Viewpoint: Jay Schechter – ConVal agreement no longer works

By JAY SCHECHTER

For the Ledger-Transcript

Published: 04-19-2024 11:48 AM

On Wednesday, April 10, the Monadnock Center For History and Culture and Monadnock Ledger-Transcript sponsored a Community Conversation. Several members of the Dublin Education Advisory Committee attended.

The presentation was billed as an event to ask the question, “Where does the ConVal District go from here?” It started with a presentation by a panel composed of a current and past member of the ConVal Board of Education – Tom Burgess of Peterborough and Katherine Heck of Greenfield, respectively –  Gary Gorski of the Peterborough Planning Board and Bethany Craig from Bennington.

The input from the ConVal board members included another justification of the Prismatic report, which recommended the closing of the school in Dublin, along with Bennington, Francestown and Temple. Board members stressed the need for more tax support from the state for ConVal. There was no mention of controlling costs, other than via the reduction in the number of primary schools. In short, the ConVal School Board does not appear to have heard the message sent by the voters in most of our towns last month.

Gorski felt that the impending construction of new homes would fill the excess capacity in our schools, and Craig explained the social and emotional impact a school closing would have on her town. This is a consideration which has consistently been avoided by our School Board.

No new ideas were presented on where to go from here. Comments in the press by board reps indicate that the majority still support school closure. The wisdom of Dublin voters in passing of Warrant Article 1, requiring a feasibility study about the possibility of Dublin and Francestown leaving the district, is becoming more clear. This study has diverted the board’s attention from school-closure planning.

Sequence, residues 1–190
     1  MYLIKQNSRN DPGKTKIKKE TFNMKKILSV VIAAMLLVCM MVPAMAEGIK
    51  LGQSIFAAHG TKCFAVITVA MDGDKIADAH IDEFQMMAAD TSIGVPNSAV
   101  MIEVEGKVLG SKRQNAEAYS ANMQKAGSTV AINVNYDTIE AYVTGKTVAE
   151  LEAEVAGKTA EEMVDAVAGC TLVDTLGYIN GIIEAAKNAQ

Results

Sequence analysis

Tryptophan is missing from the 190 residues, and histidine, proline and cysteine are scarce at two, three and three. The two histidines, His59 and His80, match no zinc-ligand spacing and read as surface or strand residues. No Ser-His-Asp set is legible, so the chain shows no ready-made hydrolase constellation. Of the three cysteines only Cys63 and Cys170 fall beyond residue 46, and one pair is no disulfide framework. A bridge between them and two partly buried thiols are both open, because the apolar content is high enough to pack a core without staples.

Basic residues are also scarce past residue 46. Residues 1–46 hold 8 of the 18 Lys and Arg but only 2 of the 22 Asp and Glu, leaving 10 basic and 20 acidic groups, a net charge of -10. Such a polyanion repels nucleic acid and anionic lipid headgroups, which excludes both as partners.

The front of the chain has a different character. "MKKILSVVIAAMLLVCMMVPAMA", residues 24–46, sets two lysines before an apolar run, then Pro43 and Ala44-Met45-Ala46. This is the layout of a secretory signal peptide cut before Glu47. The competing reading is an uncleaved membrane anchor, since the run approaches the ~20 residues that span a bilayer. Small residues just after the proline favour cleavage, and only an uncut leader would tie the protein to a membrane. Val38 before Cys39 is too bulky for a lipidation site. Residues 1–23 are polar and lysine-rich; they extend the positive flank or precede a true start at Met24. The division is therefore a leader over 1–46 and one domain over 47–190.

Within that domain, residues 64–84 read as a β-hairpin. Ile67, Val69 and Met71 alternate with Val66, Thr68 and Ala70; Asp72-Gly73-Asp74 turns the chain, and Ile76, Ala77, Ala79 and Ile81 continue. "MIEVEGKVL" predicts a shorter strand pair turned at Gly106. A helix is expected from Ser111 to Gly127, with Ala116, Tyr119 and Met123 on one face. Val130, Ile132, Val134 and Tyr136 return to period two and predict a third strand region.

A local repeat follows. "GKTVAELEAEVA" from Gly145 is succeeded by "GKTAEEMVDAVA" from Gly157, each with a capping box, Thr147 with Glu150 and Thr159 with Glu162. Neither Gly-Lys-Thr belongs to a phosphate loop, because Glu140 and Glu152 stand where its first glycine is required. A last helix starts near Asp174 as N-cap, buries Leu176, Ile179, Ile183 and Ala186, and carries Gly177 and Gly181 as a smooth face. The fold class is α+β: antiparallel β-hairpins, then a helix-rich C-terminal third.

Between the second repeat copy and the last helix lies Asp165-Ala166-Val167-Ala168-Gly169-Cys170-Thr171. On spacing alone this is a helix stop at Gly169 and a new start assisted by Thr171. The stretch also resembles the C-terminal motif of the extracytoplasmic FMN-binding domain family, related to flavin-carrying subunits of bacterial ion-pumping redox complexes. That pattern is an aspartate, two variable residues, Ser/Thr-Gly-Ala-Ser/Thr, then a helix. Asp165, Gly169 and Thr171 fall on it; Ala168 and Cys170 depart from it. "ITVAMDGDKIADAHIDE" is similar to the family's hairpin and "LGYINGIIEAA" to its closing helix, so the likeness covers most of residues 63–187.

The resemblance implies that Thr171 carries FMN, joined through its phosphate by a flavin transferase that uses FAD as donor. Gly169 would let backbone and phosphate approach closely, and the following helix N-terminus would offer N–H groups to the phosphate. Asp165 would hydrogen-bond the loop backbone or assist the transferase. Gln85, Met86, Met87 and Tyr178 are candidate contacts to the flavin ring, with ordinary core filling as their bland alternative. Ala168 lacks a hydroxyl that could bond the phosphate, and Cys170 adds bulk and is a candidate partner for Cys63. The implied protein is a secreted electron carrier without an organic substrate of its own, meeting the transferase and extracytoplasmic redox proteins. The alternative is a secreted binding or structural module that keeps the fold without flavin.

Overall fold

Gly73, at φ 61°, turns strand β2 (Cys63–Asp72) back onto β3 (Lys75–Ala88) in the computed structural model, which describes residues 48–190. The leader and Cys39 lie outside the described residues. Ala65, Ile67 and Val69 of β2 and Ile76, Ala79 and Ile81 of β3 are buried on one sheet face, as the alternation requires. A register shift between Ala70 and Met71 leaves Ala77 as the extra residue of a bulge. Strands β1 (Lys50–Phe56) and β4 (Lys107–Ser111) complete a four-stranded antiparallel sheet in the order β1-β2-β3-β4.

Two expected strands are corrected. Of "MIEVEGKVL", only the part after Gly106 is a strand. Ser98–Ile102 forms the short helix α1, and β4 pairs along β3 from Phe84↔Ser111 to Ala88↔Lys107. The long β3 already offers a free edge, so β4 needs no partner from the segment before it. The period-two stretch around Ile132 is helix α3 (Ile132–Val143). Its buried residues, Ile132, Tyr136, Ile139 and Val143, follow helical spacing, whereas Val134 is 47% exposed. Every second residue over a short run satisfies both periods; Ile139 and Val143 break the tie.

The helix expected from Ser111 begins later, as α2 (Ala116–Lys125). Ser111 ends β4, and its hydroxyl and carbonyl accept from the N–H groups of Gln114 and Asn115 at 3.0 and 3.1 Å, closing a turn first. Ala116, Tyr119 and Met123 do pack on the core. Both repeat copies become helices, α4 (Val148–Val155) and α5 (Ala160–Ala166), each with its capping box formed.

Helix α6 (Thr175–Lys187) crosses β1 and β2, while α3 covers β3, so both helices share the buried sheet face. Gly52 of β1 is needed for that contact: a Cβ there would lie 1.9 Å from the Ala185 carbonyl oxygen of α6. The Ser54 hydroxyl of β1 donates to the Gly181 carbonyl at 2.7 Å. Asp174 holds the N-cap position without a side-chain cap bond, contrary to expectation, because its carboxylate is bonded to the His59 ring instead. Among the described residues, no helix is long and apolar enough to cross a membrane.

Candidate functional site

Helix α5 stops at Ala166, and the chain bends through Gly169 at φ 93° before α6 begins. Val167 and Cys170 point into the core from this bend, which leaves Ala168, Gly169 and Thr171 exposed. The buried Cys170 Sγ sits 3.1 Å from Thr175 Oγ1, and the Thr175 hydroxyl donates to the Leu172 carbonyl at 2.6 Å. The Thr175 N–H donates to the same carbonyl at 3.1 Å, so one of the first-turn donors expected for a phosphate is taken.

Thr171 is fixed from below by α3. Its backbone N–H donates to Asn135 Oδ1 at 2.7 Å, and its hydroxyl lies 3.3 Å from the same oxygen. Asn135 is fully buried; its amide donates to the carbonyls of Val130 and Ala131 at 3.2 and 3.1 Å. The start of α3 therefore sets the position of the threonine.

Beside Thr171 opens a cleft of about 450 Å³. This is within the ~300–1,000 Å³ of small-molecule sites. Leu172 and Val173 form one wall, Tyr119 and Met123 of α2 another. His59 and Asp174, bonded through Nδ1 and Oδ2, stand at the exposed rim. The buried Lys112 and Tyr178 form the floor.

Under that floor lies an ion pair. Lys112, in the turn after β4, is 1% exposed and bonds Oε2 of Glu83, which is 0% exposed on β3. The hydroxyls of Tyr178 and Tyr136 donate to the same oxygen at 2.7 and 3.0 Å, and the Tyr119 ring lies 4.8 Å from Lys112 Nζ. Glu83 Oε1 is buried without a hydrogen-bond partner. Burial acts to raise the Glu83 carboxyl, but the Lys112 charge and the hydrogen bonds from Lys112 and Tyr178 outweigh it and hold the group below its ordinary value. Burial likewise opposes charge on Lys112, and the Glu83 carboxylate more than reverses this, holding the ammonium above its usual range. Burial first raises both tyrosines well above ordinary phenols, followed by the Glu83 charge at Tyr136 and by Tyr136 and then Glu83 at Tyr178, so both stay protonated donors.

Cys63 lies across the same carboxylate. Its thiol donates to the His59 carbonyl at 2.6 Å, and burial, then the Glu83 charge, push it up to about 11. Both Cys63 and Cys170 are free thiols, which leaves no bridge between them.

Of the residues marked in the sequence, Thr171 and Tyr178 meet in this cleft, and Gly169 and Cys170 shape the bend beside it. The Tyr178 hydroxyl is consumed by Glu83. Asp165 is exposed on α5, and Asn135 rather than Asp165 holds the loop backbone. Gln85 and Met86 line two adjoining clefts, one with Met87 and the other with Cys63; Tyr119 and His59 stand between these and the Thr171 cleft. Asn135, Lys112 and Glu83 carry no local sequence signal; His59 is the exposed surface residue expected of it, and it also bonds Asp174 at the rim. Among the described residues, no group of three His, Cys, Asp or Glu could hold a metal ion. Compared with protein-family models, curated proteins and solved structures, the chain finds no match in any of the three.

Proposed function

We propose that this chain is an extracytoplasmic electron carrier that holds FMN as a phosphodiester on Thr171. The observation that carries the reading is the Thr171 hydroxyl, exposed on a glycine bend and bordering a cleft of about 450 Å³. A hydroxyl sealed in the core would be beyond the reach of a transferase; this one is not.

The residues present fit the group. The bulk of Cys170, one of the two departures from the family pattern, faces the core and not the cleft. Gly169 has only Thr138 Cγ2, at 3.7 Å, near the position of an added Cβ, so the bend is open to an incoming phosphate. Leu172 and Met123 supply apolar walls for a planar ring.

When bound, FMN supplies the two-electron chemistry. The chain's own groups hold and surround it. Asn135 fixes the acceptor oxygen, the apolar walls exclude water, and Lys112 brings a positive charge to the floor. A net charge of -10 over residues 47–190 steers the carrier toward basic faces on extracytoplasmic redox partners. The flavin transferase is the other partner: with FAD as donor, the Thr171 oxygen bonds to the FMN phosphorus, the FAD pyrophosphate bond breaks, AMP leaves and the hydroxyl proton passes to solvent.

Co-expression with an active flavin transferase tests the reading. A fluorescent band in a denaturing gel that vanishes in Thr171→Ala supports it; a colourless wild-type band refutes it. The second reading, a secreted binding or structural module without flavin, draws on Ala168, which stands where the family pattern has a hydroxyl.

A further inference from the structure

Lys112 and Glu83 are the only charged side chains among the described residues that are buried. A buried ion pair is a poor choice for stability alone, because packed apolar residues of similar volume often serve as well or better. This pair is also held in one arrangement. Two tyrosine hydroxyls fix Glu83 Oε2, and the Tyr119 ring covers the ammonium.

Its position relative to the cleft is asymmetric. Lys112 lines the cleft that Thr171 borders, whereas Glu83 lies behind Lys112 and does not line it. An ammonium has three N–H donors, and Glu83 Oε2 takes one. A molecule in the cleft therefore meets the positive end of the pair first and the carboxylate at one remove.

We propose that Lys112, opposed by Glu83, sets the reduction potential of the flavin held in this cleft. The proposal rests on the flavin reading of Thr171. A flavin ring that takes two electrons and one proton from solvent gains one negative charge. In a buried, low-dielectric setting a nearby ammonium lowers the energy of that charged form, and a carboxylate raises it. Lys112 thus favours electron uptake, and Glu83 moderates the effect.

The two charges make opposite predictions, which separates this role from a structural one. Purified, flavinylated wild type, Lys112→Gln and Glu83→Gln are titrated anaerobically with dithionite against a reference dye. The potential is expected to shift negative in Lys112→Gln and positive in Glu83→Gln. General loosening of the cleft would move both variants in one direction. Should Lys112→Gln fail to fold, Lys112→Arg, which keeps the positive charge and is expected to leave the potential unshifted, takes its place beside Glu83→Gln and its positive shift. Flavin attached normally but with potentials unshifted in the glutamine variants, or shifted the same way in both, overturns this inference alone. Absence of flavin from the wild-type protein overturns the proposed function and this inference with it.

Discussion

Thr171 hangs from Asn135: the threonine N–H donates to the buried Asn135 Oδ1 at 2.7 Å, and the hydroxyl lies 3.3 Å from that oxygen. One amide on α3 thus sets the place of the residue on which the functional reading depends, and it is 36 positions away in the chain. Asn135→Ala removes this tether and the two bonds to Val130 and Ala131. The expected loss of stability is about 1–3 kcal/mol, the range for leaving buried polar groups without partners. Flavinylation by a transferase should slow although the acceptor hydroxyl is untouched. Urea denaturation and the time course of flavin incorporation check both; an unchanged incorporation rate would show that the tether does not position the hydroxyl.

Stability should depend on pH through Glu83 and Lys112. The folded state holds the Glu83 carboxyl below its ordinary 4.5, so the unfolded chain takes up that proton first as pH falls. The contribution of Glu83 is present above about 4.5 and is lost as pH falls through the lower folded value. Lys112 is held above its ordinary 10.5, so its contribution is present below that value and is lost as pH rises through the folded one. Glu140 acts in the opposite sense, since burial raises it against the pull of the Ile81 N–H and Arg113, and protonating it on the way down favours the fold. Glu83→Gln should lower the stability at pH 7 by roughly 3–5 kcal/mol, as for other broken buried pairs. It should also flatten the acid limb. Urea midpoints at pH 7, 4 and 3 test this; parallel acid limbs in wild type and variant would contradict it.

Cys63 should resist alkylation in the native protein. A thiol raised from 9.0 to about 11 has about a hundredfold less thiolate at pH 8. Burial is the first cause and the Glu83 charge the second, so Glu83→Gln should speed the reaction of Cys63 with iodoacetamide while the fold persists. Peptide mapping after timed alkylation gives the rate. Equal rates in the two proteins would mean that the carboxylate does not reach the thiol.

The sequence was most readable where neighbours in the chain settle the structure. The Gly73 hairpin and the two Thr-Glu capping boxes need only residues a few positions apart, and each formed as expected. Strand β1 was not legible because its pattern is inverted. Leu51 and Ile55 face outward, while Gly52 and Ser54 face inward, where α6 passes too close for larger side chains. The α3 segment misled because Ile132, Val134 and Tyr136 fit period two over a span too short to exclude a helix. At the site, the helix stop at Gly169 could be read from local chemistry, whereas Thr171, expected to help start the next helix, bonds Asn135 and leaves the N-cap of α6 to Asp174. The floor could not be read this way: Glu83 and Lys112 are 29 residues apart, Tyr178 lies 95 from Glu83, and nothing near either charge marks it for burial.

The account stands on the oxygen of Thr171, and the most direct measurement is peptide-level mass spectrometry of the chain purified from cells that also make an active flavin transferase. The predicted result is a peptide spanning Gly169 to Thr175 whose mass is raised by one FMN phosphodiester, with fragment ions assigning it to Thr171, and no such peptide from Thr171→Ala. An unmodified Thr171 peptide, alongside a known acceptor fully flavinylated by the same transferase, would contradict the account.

Building our way out of the current situation is not a solution. Based on the math presented, 14,000 new homes would need to be constructed in order to fill the schools. This would require an enormous and unprecedented increase in local housing starts, which would bring its own set of issues.

The following numbers help to outline the extent of Dublin’s financial burden (all numbers have been rounded off). Dublin pays, $37,000 to ConVal per student. ConVal spends an average of $27,000 per student. The state average is $19,000. Private and charter schools spend $10,000 and up. This means that Dublin is sending ConVal $10,000 more per student then it is costing ConVal to educate our students.

This is prior to an approved increase to the ConVal budget. The budget for the town of Dublin, excluding school funding, is approximately $3 million. Our contribution to ConVal will soon amount to well over $5 million. This is not sustainable for the residents of Dublin.

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The chimera of additional state aid has been proposed by the ConVal board as the solution to their severe financial challenges. There was no discussion about reducing costs at the meeting, other than via school closures. ConVal board members seem to confuse cost-shifting and cost management. Any additional financial support provided by the State of New Hampshire, however desirable, will be borne by every Dublin taxpayer. We all pay both state and local taxes. There is no free lunch.

Last, but certainly not least, what about the education at ConVal? Academic performance metrics comparing ConVal to state medians are not impressive. These comparative metrics are adjusted for COVID’s effect on all districts statewide. A recent article in Barron’s (available at barrons.com/articles/covid-hit-to-education-pandemic-economy-643c7b5e) outlined the continued impact from COVID on our children’s education. The article states that “the consequences of a disrupted education are still lingering for the cohort of COVID students. This learning loss is on course to cause even greater disruption to our students’ futures and to our economy as a whole.” Our school leadership has been distracted from their mission of educating our students by attempts to close schools and by years-long, ongoing, litigation with the State of New Hampshire.

The current Articles of Agreement written in 1967, which bind nine towns to the ConVal School District, no longer works for Dublin. Other towns locked into unsatisfactory agreements are coming to the same conclusion. Any solution will have to come from us. The DEAC is working hard to identify the issues we are facing as well as possible solutions. Please support us by attending one of our meetings to listen and providing us with your input.

Jay Schechter is chairman of the Dublin Education Advisory Committee.